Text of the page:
• $\begingroup$ @NomadMaker, I can see your point, although I don't totally agree. But ultimately it would depend on the way the law was structured in such a case. Assuming laws more or less similar to my understanding of law in our reality, I'd say a disclaimer on the author's part (Educational use only, use at your own risk, etc) would be the best bet, for the author at least. $\endgroup$ – dwllama Jul 4 at 22:35
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How can this be prevented?

Take away their incentive to publish the recipes.

Say, the effects of any spell cast on person X last no longer than another would-be practitioner casts the same spell on another person Y. So, keeping the spell secret would be in the best interests of anyone in posession of the spell -- obviously, they wouldn't like the effects of the spell they casted to evapourate the second another spiteful practitioner casts it.

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A recipe for a spell, is just that, a recipe. Unless there is a whole primer to Black Magic with it, there will always be things missing. This craft is not immediately dangerous and there are always side effects. Those truly skilled at this know how to mitigate those effects and guard those secrets well.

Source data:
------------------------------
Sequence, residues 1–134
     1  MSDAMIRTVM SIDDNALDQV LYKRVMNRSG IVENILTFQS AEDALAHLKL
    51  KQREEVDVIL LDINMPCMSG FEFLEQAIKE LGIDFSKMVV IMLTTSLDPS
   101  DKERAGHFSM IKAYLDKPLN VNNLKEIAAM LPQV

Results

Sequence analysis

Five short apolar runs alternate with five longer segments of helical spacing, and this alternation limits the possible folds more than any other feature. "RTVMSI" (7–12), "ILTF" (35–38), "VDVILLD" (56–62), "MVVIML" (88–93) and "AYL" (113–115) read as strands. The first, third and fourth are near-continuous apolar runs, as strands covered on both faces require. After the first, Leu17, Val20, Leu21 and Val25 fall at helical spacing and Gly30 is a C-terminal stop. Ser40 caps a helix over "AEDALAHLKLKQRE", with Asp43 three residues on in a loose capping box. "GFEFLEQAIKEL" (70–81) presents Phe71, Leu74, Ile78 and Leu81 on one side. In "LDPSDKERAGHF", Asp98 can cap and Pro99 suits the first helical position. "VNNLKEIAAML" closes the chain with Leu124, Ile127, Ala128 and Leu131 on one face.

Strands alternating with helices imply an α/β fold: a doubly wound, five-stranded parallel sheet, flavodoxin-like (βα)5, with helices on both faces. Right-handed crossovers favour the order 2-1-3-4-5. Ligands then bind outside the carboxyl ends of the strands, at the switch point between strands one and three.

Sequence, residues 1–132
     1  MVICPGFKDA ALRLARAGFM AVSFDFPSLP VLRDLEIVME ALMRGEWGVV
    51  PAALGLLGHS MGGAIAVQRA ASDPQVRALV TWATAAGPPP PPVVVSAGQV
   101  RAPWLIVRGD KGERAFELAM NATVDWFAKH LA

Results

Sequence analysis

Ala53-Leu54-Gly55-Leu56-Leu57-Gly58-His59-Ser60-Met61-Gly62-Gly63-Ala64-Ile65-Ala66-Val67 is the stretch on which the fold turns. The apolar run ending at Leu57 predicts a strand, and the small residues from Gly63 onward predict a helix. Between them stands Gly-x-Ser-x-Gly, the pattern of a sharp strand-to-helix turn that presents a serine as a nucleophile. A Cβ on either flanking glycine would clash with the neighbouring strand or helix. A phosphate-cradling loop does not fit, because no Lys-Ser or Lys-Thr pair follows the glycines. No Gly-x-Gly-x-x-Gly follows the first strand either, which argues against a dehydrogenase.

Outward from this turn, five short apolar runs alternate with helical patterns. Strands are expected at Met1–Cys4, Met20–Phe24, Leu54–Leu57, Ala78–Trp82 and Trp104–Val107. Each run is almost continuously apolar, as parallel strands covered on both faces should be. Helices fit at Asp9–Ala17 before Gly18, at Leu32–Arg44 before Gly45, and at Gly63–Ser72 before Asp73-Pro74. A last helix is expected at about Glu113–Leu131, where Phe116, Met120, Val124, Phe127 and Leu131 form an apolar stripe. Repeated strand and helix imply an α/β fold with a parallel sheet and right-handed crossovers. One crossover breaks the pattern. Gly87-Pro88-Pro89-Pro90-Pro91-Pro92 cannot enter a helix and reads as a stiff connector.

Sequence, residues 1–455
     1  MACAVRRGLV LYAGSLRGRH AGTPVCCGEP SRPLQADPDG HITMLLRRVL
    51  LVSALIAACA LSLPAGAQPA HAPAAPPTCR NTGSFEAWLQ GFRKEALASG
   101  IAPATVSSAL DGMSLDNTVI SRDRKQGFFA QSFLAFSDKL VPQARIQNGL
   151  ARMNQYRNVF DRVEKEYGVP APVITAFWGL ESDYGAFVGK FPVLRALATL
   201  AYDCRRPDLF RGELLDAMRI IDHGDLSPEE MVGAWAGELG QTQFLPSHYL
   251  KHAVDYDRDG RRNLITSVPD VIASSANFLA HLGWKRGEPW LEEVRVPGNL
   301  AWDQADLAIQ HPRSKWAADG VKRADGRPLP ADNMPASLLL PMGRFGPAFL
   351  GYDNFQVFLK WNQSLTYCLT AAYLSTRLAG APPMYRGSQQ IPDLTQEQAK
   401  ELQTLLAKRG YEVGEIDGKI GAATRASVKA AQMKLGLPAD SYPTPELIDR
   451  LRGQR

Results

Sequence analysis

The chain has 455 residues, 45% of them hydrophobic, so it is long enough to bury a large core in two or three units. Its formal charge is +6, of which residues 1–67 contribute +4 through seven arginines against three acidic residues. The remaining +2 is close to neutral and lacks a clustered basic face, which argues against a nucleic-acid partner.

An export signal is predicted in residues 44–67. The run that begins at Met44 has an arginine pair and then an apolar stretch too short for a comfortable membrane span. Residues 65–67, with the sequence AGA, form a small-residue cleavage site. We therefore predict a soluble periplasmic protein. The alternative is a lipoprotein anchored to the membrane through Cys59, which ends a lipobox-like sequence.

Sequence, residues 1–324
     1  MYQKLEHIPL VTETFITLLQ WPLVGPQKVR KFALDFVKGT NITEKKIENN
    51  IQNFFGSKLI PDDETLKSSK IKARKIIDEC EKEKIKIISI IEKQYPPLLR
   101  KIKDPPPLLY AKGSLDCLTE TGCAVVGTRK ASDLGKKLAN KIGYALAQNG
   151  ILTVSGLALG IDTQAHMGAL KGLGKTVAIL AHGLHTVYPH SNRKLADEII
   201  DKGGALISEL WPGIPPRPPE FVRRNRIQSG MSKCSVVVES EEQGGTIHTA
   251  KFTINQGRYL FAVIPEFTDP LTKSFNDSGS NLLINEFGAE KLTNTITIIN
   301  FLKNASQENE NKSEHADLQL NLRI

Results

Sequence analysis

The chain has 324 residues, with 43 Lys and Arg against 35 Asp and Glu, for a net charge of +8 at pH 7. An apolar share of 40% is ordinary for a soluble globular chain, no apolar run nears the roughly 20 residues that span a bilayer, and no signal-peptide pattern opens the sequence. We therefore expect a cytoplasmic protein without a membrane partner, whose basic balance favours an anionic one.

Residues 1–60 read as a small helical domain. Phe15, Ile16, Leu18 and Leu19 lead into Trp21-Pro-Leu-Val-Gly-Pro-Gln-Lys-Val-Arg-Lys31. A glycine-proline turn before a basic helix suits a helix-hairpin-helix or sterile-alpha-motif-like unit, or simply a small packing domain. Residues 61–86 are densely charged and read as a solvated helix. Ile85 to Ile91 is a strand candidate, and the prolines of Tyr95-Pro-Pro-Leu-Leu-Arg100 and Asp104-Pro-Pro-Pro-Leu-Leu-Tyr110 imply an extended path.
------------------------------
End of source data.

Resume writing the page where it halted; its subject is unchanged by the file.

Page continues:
In short, yes, you can brew some revenge at home with your #10 cauldron with your aunts but there is a catch if you are unaware of the intricasies of what you are casting. A couple of thought on this are:

The Golden Rule

"Do unto others as you would have them do unto you" is a rather familiar phrase. It is a moral compass by which we can live. It is also a critcal point as to how black magic works. When you curse somebody, the misfortune you place upon them rebounds by a fraction and comes back to you. Those truly adept in Black Magic know this and take steps to mitigate this. Those using Black Magic for Dummies off of the internet don't take steps to mitigate it. As a result, they suffer some of the backlash of the spell.

So if you curse them into a car accident via faulty brakes, you might find that a squirrel has chewed through your brake line while your car is parked and you can't get to work on time the next day.

The Zero-Sum Curse